Justia columnist Joanne Mariner, an attorney and the head of Hunter College’s Human Rights Program, comments on the memoir of David Hicks, an Australian who was incarcerated at the United States’ Guantanamo Bay detention facility for five-and-a-half years. Mariner notes that Hicks’s Guantanamo memoir is now one of many such works that detail interrogation practices and detention conditions at the facility. She also points out the book has recently made headlines due to the Australian government’s attempt to confiscate the royalties Hicks earned from his publisher, citing Australia’s Proceeds of Crime Act. Mariner notes the parallel between that Act and the United States’ “Son of Sam” laws, which the U.S. Supreme Court has occasionally held to be in violation of the First Amendment, and she explains other troubling aspects of the attempt to apply Australia’s Act to Hicks.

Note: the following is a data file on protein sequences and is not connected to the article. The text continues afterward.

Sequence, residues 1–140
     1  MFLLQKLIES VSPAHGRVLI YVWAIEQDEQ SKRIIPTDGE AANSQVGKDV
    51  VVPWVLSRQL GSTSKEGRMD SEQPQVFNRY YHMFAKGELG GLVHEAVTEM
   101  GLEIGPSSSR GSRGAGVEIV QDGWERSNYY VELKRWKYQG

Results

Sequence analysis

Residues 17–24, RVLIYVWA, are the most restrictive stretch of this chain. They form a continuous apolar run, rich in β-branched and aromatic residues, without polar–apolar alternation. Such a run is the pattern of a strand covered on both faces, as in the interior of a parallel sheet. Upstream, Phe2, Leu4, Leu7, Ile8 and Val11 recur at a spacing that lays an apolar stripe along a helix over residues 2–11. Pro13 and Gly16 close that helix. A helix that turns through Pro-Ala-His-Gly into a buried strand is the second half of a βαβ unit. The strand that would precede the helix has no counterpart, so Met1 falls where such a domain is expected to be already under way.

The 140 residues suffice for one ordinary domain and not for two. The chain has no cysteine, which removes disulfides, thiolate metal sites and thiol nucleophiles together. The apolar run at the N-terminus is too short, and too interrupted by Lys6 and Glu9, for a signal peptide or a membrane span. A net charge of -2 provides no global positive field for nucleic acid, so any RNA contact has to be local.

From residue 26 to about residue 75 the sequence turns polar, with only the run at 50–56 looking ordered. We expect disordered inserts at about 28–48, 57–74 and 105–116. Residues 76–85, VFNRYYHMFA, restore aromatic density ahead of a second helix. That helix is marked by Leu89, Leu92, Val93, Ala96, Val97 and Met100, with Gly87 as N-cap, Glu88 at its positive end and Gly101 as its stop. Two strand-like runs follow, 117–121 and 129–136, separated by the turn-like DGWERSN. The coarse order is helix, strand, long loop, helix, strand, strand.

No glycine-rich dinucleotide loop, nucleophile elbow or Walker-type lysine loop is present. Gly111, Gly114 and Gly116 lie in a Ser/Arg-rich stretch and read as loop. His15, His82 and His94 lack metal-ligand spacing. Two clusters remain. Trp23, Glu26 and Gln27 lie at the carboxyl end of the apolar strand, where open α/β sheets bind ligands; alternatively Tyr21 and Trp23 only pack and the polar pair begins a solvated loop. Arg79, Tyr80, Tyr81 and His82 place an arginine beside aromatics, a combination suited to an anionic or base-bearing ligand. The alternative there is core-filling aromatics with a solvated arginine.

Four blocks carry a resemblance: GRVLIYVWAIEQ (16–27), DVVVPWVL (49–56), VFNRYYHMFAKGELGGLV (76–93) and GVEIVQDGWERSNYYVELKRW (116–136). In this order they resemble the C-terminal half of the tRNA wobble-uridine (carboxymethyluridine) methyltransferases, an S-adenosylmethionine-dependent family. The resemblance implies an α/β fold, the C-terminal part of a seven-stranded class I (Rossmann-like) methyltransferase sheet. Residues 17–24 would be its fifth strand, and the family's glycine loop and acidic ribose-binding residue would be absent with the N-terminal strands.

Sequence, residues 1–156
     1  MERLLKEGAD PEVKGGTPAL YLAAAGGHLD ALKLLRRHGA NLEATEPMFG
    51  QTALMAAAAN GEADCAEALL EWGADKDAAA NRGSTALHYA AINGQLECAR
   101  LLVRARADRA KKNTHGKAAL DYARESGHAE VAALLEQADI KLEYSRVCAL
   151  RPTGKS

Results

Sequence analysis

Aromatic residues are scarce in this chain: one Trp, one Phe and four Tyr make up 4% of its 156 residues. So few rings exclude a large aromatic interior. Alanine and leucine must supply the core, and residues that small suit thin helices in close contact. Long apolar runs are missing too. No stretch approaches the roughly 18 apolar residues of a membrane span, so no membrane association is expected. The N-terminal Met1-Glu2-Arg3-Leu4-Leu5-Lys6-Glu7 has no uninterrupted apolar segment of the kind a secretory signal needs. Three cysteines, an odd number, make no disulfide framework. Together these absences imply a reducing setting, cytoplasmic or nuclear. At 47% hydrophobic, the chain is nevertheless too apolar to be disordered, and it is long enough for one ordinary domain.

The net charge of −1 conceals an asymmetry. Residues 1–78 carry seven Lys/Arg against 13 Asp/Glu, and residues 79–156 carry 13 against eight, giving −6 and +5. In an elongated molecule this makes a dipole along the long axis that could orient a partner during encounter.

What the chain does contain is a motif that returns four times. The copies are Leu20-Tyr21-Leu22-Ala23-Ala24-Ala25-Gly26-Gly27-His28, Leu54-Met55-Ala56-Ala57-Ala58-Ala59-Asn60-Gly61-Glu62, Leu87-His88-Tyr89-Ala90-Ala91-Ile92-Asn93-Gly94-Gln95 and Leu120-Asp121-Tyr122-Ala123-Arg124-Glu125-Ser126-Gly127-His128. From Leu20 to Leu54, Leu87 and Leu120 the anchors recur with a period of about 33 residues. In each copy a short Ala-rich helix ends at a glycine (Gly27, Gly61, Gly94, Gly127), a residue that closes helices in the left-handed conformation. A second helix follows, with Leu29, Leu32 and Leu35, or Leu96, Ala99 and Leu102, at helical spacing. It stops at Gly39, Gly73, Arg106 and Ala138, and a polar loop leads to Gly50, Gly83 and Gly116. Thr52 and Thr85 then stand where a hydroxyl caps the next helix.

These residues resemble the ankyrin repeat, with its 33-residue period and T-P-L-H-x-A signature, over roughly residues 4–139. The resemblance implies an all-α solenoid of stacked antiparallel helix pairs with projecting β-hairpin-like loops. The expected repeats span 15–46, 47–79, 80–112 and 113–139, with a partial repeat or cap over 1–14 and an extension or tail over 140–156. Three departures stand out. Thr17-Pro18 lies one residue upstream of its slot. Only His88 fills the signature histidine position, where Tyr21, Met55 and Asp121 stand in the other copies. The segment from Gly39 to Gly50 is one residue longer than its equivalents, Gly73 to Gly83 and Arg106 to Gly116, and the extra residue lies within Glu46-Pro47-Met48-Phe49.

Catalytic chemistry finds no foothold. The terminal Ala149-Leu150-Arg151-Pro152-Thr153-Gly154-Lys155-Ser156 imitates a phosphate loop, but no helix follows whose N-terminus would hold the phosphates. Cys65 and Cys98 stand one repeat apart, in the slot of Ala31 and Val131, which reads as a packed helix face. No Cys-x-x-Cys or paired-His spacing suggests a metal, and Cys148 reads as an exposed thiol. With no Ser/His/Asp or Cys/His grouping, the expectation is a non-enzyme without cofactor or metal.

Justia columnist and Cardozo law professor Marci A. Hamilton urges that the Catholic Church urgently needs to take responsibility—and foster an ethic of accountability—regarding clergy child-sex-abuse cases. In describing the path that she argues the Church must take, Hamilton compliments a recent speech by Irish Prime Minister Enda Kenny, and a book by Jason Berry on money and the Church. As she explains, these writings, too, call for responsibility and accountability from the Church, and for the enforcement of civil law by the courts, in clergy child-sex-abuse cases.